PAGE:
Snow accumulation grows with age

The snows of your childhood are always better than the snows of your adulthood. For one thing, the snows of your childhood were much deeper. This is because you were lower to the ground as a child, but why let facts leech drama from a good story.

The only things nobody remembers fondly from the snows of their childhood are the snowballs. There were always a few wise acres with their eyes set on the major league pitchers’ mounds. These boys kept their arms in shape over the winter by hurling snowballs. Five, ten, hundreds, sometimes thousands at a time were launched from snow igloos they had crafted with their bare hands.

These boys were so skilled they could pick off a fellow 12-year-old at 100 yards. They sent other kids diving for cover and more than a few running home bawling with tears frozen to their frostbitten cheeks.

The snowfall of your youth may always have been soft, but the snowballs were always hard.

I have always loved snow. Adults like me are shunned by grocery store clerks, strangers making weather chit chat and every snowbird over 40 with a condo in Florida or Arizona.

Why wouldn’t I love the snow? I spent the first part of my childhood growing up in Nebraska. Every other picture of me in the family album is against a snow bank twice my height. I was short as a child. Family, friends, random passersby liked to take my picture against towering mounds of snow.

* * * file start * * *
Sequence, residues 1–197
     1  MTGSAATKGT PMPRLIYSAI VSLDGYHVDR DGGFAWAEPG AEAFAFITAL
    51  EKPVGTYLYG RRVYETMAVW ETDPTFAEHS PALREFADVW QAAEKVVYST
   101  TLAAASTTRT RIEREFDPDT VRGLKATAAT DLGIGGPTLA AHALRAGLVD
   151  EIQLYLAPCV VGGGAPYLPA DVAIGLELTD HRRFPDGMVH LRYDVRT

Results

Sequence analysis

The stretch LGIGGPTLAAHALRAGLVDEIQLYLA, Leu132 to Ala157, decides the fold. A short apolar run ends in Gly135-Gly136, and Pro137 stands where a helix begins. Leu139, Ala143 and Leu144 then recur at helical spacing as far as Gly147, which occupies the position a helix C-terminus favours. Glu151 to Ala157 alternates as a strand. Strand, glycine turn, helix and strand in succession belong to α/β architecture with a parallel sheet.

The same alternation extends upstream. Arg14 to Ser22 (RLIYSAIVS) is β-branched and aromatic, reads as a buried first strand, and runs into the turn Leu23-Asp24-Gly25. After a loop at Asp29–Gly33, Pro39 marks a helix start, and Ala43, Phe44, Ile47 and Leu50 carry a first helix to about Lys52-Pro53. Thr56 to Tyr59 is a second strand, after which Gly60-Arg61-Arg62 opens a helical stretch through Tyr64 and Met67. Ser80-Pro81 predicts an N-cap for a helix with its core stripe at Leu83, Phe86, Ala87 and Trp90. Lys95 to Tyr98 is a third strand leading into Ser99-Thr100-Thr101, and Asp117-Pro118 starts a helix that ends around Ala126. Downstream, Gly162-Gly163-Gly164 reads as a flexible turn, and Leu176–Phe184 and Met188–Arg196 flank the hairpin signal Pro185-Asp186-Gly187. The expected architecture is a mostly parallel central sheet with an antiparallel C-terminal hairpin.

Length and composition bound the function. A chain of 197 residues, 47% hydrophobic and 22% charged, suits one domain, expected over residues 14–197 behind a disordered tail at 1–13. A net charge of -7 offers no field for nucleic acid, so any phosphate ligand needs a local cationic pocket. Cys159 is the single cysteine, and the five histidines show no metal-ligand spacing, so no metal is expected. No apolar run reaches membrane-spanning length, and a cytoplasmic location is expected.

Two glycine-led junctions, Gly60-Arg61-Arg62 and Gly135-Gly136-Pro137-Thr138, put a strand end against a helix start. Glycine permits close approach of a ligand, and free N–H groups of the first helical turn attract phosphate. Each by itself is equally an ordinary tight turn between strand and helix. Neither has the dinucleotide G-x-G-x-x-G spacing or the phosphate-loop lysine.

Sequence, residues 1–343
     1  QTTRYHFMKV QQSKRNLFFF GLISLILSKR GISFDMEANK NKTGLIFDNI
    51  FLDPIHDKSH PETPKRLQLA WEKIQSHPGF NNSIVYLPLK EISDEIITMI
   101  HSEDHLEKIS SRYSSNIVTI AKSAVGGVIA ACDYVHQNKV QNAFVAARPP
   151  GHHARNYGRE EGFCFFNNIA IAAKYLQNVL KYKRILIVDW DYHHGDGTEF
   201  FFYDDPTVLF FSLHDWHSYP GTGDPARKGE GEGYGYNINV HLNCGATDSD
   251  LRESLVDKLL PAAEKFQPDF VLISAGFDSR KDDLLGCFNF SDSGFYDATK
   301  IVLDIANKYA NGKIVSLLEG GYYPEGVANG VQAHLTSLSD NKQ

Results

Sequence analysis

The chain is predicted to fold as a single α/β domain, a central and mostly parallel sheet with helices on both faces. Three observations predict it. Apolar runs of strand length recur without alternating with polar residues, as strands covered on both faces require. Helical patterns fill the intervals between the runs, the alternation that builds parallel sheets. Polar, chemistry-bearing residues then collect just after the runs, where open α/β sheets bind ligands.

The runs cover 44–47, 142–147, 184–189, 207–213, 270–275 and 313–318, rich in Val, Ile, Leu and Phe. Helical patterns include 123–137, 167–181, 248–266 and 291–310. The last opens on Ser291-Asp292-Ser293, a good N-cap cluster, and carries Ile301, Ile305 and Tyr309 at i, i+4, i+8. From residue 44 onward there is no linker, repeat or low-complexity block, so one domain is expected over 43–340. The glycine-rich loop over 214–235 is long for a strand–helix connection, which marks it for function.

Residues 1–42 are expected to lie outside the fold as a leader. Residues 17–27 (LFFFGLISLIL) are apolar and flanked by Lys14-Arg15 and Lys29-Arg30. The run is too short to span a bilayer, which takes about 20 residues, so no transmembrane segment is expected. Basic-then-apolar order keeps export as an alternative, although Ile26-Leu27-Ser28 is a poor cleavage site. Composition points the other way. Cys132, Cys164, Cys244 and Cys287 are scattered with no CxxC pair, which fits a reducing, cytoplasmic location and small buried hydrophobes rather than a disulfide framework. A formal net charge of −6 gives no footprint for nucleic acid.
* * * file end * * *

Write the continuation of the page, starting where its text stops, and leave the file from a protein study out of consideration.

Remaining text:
Somewhere right now there are people looking at old photographs of me in a red snowsuit against some snow bank asking, “Who is that?”

“I don’t know,” someone answers. “But look how deep that snow was. Clear over that kid’s head. Sure doesn’t snow like it used to.”

My first newspaper job out of college was in Fargo, North Dakota. They do not have snow emergencies in North Dakota. They do not have snow days. They look forward to relentless snow and frigid cold by anticipating a mention on the Weather Channel.

I like snow even more as an adult than I did as a kid. Today, I have insulated snow pants guaranteed to protect me from frostbite at 5 below zero. My coat is made of some high-tech material that actually makes me hot. My boots aren’t so great, but at least they have zippers and not some elastic loop you have to stretch over a button with frozen fingers.

This year, nearly a foot of snow blanketed the Midwest the day after Christmas. And then another four inches came a week after that. One of our 2-year-old granddaughters and I were outside in the snow yesterday. The kid loved it — head first, on her back or pulling a sled with nobody in it.

She is on the short side, so naturally I had her pose for a picture in front of a huge drift. When she is grown and tells her own children that snowfalls were deeper when she was a child, she’ll have the picture to prove it.